Mexico: Obrador caught betwixt and between Posted by: McQ
on Monday, July 10, 2006
Seems that Andres Manuel Lopez Obrador does not intend to go quietly away after being declared the loser in Mexico's contested Presidential election. The man who said he'd abide by the results of the recount apparently means he'll do so only if they come out the way he wants them too:
More than 100,000 defiant supporters of leftist presidential candidate Andres Manuel Lopez Obrador massed Saturday in a bid to overturn his narrow election defeat with protests that threatened to widen Mexico's regional and class divisions.
Lopez Obrador told the huge crowd he would present allegations of fraud to the nation's electoral court Monday and request that every one of more than 41 million votes be recounted, to expose what he called wrongdoing that cost him the election.
"We are going to ask that they clean up the elections. We are going to ask that they count all the votes — vote-by-vote, poll-by-poll," Lopez Obrador said to wide applause.
The appeal to the electoral court will delay the decision until September 6th. Of course, if he doesn't get the ruling he wants, Louis Obrador has already promised to appeal the ruling of the electoral court:
Lopez Obrador says he will challenge the result in electoral tribunals and in the Supreme Court. He claims hundreds of thousands of votes for him remain uncounted, miscounted or voided.
Interestingly, according to a expert in Mexican politics, he may do himself a world of good for the 2012 presidential contest if he could find a way to concede gracefully:
These days, Lopez Obrador must walk a tightrope. If he appears too radical, he risks hurting his party and its chances in the next presidential elections in 2012. If he appears too moderate, he risks disappointing his core supporters.
"His political stock would increase greatly for 2012" if he finds a way to concede defeat gracefully, political analyst Oscar Aguilar said.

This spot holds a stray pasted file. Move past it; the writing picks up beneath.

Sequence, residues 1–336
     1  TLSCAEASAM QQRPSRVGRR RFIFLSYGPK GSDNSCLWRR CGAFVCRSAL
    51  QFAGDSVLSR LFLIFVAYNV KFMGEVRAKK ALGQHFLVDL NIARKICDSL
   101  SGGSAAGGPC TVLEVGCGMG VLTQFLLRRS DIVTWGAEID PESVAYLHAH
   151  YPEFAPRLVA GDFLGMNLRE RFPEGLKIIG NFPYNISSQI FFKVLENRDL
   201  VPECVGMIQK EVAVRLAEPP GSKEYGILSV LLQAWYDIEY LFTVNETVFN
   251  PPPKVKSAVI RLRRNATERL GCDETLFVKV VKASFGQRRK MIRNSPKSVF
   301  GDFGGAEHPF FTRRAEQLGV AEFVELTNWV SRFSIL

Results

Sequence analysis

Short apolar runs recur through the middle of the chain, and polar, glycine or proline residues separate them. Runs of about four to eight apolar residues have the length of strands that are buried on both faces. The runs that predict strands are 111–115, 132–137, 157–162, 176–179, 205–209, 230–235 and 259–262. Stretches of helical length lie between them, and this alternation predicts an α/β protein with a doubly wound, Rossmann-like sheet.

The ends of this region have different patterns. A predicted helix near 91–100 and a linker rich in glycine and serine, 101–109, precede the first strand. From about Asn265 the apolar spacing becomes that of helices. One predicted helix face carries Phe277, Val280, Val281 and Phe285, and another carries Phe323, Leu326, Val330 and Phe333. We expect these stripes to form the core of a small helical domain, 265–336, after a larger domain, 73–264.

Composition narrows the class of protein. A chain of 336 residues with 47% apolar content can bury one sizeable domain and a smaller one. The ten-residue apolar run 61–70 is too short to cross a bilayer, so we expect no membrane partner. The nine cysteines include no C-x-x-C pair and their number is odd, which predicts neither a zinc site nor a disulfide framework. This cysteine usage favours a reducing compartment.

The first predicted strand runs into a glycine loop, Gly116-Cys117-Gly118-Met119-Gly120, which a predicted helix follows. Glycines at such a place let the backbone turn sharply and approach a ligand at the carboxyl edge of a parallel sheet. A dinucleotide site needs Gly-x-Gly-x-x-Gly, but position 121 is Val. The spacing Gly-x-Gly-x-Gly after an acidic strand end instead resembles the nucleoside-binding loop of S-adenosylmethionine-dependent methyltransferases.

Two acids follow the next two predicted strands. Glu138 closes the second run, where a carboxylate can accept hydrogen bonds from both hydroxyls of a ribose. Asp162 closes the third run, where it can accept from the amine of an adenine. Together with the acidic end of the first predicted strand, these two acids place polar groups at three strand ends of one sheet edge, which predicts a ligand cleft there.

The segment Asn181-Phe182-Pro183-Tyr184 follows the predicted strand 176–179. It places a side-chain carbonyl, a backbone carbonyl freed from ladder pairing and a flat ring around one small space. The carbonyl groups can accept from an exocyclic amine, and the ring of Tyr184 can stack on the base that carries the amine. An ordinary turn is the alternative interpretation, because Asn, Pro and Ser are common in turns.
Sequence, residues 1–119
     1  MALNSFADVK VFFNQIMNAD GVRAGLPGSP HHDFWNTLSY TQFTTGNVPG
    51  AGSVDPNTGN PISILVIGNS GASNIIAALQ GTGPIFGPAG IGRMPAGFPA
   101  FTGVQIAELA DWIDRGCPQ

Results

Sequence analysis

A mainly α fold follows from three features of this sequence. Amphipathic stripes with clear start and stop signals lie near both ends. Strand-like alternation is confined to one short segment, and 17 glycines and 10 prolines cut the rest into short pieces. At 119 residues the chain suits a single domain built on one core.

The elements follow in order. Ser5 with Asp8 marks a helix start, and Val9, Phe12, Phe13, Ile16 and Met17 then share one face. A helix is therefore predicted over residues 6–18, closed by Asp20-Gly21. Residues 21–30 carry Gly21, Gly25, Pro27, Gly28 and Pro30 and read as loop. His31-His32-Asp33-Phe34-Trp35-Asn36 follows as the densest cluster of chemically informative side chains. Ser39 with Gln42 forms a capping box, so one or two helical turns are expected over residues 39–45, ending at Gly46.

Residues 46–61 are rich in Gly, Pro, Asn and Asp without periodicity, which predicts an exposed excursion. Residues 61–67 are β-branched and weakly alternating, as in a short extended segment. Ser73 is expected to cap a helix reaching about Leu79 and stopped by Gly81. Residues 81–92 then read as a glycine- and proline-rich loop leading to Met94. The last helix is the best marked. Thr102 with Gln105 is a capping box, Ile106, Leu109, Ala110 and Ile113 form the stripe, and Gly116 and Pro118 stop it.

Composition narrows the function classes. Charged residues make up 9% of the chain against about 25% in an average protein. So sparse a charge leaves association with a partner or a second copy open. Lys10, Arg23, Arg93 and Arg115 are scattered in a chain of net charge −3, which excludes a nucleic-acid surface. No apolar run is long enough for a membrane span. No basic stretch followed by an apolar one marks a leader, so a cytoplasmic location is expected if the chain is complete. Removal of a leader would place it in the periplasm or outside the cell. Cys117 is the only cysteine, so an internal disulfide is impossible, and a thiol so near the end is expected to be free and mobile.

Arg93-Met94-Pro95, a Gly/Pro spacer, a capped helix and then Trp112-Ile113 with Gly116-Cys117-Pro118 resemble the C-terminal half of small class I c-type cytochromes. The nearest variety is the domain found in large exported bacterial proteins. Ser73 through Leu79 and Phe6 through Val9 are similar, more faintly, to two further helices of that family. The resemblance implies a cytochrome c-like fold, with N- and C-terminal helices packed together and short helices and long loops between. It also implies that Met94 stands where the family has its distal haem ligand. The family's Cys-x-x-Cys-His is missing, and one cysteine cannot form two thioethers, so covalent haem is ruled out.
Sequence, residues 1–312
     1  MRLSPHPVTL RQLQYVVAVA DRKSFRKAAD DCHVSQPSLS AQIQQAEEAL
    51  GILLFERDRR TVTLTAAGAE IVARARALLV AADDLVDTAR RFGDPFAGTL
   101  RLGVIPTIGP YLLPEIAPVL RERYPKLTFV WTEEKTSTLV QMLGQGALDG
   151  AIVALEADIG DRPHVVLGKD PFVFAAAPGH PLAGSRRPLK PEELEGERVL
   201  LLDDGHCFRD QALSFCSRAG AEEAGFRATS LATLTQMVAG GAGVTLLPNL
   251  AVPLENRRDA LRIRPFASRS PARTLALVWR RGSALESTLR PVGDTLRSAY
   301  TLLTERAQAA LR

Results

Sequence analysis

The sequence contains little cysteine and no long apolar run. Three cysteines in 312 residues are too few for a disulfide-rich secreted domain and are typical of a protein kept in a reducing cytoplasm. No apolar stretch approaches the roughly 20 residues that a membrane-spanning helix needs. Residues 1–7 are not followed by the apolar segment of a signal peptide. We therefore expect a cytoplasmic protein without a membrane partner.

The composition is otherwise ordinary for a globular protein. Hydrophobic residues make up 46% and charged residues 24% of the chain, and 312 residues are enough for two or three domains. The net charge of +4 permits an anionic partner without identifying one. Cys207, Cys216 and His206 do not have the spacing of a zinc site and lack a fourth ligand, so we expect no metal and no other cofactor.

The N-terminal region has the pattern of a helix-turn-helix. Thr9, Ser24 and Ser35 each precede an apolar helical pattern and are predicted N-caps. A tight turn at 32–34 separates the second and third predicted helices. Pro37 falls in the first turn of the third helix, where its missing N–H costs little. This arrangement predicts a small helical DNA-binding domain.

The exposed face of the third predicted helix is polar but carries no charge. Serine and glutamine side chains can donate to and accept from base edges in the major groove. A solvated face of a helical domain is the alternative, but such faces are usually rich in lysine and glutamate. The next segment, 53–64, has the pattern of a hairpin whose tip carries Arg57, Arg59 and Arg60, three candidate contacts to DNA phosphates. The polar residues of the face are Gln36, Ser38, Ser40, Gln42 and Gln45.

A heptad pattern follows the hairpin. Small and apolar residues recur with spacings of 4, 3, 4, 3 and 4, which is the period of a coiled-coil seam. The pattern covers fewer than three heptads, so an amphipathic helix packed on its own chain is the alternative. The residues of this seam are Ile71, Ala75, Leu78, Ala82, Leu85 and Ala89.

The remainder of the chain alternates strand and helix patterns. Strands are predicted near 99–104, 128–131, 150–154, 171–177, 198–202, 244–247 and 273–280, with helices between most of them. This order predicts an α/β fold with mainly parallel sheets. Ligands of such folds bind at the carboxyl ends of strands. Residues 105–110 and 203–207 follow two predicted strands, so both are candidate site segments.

But he seems caught in a situation of mostly his own making. He is known for the protests he's led:
He has in the past headed protests that turned disruptive or violent.
In 1996, he led farmers and fishermen in sometimes-violent takeovers of state-owned oil wells to demand compensation for damages from an oil spill.
Last year, as Mexico City mayor, he led huge street protests that forced Fox to fire his attorney general and drop a legal case that would have kept Lopez Obrador out of the presidential race.
His declaration that he'd abide by the decision of the recount appears to indicate his desire to have this over with and do what Aguilar says. But the closeness of the race and the obvious disappointment of his supporters won't let him. Consequently the situation remains unresolved until at least September. Given the long hot summer to match the passions of his supporters, one wonders if the lid will stay on that long. And, if it again goes against Obrador, will he then end all of this a gracefully concede?
My guess? He won't be able too. And if the electoral tribunal finds for him, there's little doubt in my mind that Felipe Calderon will appeal. This election is destined for Mexico's Supreme Court one way or the other.
Imagine if Al Gore had refused to accept the results of the 2000 election and called upon 100,000 protesters to march on Washington. He could have made a real mess of our country. Instead, he went away quietly for four years.
Personally, I think Obrador should note how a patriot acts, putting the country ahead of his own interests.
Republicans should ask themselves what they would be advocating now if less than 1% of the votes went the other way. What actions would they be willing to take to keep some similar to Chavez from taking over a county on our border? This was a very close call.